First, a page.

Johnson has film on Venables’ defense vs. the triple option
Brent Venables has developed the reputation as being the guy who has figured out how to stop Paul Johnson’s triple-option rushing attack at Georgia Tech.
Once again, the Yellow Jackets head into Saturday’s game against second-ranked Clemson leading the nation in rushing yards per game, averaging 392.7 yards per game. They also average 7.1 yards per carry.
“They’ve been better than most anybody in the country at running it for a long time,” Clemson’s defensive coordinator said Monday at the Poe Indoor Practice Facility in Clemson. “Coach (Paul) Johnson has had incredible success. They’ve got a very difficult system to defend.”
Yet, especially in the last three years, Venables’ Clemson defenses have shut it down. In 2015, the Tigers held Johnson’s triple-option to an all-time low, regardless of where he has coached, of 71 yards on 42 carries.
In 2016, the Yellow Jackets did not fair much better, rushing for just 95 yards on 38 carries at Bobby Dodd Stadium. And though last year they did improve, they still had their second worst outing of the season at Death Valley, rushing for just 198 yards on 43 carries … 109 yards below their season average.
“I think it is execution,” Venables said. “I think our players have done a good job of understanding the plan and executing. It’s not like we are not playing disciplined football.”
Clemson (3-0) has been very disciplined against Georgia Tech. The Yellow Jackets are averaging just 123.0 rushing yards per game the last three years and just 2.95 yards per carry. They have only managed two rushing touchdowns in the three games.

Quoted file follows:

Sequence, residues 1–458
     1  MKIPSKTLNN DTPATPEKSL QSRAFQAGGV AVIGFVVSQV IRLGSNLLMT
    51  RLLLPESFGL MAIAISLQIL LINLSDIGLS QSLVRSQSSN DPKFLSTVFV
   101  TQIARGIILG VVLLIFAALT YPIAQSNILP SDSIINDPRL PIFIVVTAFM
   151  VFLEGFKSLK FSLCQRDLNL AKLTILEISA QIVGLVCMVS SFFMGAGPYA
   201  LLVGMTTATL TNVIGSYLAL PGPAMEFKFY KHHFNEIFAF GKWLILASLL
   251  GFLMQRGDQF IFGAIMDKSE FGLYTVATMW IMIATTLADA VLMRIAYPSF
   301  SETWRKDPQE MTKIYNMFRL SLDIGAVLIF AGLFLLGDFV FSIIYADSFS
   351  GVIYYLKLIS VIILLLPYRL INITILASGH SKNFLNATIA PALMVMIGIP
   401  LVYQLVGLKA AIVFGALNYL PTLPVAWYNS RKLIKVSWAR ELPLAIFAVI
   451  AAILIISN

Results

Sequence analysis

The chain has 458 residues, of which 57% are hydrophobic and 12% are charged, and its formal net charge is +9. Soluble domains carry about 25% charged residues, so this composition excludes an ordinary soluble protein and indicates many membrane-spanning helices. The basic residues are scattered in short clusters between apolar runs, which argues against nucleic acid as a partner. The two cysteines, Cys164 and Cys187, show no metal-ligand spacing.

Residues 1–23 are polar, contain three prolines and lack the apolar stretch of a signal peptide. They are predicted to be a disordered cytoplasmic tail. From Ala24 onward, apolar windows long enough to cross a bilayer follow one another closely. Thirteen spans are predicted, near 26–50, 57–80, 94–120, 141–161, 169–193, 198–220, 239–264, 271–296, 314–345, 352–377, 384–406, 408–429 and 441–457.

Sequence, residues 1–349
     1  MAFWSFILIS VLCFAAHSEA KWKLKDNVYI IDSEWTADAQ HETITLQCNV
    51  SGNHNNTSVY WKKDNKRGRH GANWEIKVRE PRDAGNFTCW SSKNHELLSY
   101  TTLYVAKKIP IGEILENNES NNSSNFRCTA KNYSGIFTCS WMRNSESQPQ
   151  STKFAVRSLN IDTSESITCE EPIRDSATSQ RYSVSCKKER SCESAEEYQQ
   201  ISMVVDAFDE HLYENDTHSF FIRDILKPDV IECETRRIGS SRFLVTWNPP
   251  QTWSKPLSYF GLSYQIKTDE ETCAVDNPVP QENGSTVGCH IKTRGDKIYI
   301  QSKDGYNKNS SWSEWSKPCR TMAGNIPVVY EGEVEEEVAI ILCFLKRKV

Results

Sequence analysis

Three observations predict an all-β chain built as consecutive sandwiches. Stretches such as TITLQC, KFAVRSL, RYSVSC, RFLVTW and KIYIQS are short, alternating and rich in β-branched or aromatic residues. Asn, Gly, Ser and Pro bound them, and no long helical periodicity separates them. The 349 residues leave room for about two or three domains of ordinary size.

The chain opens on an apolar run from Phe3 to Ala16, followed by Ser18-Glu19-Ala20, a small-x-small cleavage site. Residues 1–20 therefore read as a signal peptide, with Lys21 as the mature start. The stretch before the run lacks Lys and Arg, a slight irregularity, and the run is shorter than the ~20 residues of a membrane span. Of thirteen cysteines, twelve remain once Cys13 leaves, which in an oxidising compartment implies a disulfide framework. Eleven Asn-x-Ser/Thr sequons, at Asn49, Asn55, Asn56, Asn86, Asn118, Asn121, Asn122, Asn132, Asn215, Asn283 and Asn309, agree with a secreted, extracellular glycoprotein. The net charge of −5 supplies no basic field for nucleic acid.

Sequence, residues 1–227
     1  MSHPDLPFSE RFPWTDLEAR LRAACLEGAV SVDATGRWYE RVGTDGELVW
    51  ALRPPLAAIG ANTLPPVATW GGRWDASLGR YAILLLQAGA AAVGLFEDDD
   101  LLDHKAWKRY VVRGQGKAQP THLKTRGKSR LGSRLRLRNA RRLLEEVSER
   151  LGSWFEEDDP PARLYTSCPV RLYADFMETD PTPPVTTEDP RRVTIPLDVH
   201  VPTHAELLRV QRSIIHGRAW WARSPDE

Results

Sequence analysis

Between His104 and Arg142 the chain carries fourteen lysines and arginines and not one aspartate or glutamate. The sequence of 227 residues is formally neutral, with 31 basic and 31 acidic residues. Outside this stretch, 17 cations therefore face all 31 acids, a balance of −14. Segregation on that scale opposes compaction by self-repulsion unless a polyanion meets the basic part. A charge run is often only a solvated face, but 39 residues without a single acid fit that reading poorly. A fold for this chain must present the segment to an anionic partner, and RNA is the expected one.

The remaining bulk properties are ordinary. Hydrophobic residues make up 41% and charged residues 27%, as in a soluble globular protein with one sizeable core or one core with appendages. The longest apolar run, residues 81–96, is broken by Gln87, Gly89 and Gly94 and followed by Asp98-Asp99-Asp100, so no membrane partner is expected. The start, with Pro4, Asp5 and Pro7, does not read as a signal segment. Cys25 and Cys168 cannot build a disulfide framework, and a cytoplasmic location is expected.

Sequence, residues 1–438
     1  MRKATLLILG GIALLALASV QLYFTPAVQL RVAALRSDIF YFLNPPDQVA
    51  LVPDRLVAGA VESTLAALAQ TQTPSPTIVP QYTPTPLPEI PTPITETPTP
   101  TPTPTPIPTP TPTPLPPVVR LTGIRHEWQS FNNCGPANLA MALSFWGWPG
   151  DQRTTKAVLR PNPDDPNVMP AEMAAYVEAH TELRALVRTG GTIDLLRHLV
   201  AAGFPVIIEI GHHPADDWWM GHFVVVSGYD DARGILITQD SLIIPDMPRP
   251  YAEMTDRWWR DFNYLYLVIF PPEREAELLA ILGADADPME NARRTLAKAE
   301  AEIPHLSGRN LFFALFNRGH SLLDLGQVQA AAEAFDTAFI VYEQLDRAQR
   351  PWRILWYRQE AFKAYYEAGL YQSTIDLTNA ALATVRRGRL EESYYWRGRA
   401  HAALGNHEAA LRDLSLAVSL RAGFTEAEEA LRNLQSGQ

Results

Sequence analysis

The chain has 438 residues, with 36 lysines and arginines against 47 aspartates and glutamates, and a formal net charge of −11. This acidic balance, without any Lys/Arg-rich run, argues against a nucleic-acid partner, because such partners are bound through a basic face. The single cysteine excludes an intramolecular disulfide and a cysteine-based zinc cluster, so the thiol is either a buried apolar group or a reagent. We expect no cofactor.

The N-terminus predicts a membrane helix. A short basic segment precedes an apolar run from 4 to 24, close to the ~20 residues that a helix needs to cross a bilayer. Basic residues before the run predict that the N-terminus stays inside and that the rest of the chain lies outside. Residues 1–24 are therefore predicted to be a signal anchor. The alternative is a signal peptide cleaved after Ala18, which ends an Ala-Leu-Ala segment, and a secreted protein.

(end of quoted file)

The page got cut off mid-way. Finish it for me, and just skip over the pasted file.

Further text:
“Are we faster than what they might see,” Venables asked. “Maybe! But if the fast guy is not going to the right place and he is not squeezing and closing, and he is not playing the dive when he is supposed to, and I can do down the list of all the responsibilities that everyone has on any particular play. If they are not doing the little things right, then they will expose you.
“It is not like you are overcoming a bunch of mistakes because you have superior athletes. They make a lot of teams with superior athletes look like fools and they have for a long time. So, again, it is about being very detailed and precise, physical, violent, disruptive and all of those things and you have to be able to do it for four quarters.”
Though the Yellow Jackets head into Saturday’s 3:30 p.m. kick with a 1-2 overall record, no one has been able to stop their rushing attack. Georgia Tech ran for 419 and 320 yards respectively in losses at South Florida and at Pitt.
The Yellow Jackets also rushed for 439 yards in a win against Alcorn State in the season-opener.
“They went up and down the field in all three games this year and we’re going to need a great effort,” Venables said.
Georgia Tech will represent the third option team the Tigers have faced this season. Clemson held Furman’s triple-option attack to 117 yards in Week 1 and then held Georgia Southern to 80 yards last week.
But Venables’ warns, stopping Georgia Tech will be a little more difficult than Furman and Georgia Southern.
“It’s a little bit different than some of the option that we have seen,” he said. “We’ve gotten some work from it, but Coach Johnson obviously now has a couple of games worth of film to really study what we are doing. But, we had to line up and stop Furman and Georgia Southern so to a certain degree you had to reveal yourself to him. So, it will be a little bit different for them to have that video to study.”